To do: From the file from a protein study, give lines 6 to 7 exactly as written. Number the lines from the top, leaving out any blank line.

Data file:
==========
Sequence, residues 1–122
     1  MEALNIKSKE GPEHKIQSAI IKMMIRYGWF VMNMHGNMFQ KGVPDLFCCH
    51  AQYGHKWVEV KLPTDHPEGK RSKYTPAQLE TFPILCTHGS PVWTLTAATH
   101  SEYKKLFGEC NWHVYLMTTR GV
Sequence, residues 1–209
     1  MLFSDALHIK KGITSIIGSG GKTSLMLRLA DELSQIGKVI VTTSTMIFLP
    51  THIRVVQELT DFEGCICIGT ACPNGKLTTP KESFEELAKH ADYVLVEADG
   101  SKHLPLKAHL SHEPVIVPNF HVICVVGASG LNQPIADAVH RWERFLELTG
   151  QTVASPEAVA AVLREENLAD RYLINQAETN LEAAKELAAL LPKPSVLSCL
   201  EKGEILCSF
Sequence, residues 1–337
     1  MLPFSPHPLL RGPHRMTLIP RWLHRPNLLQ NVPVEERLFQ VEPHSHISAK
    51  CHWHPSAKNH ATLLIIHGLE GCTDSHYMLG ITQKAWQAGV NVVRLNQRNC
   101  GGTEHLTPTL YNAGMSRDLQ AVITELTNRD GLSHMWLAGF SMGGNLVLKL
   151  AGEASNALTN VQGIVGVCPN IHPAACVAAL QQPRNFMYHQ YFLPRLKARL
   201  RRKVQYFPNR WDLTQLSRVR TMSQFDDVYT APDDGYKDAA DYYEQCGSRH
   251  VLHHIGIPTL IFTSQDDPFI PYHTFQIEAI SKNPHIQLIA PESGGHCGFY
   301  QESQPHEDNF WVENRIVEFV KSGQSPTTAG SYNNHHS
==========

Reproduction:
     1  MLFSDALHIK KGITSIIGSG GKTSLMLRLA DELSQIGKVI VTTSTMIFLP
    51  THIRVVQELT DFEGCICIGT ACPNGKLTTP KESFEELAKH ADYVLVEADG